Inspired by light, passion and mystery. All images are copy-writed to myself, unless stated otherwise. No images may be used without consent.

Image from here.

To a casual observer he might have seemed a typical commercial photographer of the day. He was not progressive, but worked patiently with techniques that were obsolescent (when something is no longer wanted) when he adopted them, and very nearly anachronistic (a practise that belongs to an earlier time) by the time of his death. He was little given to experiment in the conventional sense, and less to theorizing. He founded no movement and attracted no circle. He did however make photographs which for purity and intensity of vision have not been bettered.

Atget’s work is unique on two levels. He was the maker of a great visual catalogue of the fruits of French culture, as it survived in and near Paris in the first quarter of this century. He was in addition a photographer of such authority and originality that his work remains a bench mark against which much of the most sophisticated contemporary photography measures itself. Other photographers had been concerned with describing specific facts (documentation), or with exploiting their individual sensibilities (self-expression). Atget encompassed and transcended both approaches when he set himself the task of understanding and interpreting in visual terms a complex, ancient, and living tradition.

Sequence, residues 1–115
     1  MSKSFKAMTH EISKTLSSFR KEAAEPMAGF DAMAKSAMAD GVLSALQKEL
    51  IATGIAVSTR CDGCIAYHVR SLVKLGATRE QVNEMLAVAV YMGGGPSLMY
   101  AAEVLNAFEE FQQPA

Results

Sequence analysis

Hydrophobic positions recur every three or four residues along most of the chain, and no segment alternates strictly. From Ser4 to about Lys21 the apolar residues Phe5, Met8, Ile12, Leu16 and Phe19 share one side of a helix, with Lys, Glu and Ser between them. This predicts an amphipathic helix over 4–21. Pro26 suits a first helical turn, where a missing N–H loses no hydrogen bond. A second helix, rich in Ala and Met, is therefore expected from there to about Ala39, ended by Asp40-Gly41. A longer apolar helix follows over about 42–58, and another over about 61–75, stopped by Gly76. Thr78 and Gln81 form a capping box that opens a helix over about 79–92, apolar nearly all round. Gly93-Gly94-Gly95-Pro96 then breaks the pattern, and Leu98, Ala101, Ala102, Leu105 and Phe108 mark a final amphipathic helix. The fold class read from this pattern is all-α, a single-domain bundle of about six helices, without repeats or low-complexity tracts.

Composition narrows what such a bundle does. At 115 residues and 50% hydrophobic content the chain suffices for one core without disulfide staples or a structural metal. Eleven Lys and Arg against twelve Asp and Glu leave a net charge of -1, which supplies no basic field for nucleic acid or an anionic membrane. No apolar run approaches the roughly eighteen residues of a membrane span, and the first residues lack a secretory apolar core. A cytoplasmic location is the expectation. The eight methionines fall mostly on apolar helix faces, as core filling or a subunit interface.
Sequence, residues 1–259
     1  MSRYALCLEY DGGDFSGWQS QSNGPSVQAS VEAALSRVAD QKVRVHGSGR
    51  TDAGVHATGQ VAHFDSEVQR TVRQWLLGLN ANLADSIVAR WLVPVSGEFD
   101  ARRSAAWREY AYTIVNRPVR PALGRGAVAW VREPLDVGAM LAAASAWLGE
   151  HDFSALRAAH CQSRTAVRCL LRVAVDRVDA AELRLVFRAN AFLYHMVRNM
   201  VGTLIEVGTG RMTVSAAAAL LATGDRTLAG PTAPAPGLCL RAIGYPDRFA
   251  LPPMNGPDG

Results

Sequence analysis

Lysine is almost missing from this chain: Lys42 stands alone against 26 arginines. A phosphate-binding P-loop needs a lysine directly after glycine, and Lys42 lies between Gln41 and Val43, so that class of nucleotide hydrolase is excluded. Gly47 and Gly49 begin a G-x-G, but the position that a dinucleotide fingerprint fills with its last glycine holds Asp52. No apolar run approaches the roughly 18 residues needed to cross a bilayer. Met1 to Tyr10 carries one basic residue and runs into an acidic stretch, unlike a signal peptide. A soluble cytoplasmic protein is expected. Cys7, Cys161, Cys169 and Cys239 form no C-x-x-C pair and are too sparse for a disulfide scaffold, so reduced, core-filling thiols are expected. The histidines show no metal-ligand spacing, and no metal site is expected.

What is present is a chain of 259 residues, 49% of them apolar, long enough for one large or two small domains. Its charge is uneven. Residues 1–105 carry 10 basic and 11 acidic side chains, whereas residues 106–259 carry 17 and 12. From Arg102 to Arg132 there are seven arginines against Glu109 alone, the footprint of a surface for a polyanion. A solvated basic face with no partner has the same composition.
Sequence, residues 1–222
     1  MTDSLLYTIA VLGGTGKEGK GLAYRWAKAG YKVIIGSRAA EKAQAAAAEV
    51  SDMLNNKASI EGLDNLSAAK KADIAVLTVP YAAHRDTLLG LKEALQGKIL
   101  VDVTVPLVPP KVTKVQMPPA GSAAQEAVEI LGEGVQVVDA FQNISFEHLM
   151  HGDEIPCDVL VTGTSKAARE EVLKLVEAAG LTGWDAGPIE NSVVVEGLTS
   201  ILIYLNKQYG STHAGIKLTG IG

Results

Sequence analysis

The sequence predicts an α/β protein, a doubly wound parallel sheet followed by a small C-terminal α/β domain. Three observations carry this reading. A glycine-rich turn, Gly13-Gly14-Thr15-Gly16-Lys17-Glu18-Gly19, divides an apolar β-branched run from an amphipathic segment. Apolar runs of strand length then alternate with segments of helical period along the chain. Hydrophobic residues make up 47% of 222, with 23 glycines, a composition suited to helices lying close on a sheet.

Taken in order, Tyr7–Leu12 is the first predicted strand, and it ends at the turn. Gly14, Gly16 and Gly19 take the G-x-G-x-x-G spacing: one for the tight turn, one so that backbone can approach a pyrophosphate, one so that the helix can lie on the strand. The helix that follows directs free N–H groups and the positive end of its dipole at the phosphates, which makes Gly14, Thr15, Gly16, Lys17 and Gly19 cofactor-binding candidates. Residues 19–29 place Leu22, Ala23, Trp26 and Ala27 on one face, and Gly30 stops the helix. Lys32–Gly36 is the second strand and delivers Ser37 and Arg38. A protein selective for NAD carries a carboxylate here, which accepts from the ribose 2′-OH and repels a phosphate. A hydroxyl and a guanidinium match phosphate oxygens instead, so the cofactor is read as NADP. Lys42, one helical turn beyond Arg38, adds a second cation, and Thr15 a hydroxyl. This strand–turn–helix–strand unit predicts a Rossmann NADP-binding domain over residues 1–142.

The pictures that he made in the service of this concept are seductively and deceptively simple, wholly poised, reticent, dense with experience, mysterious, and true.

Extract from here.

Image from here.

Image from here.

Image from here.

I remembered Eugene Atget’s work from presentations we did in the first year, and I remembered that I really liked the aesthetic they had. I want to achieve a sort of vintage/old feel to my photographs, using darkroom techniques and Photoshop. I want this vintage feel to add to the mystery about my photographs so they hopefully will cause the viewer to think more about the image and imagine their own narrative.

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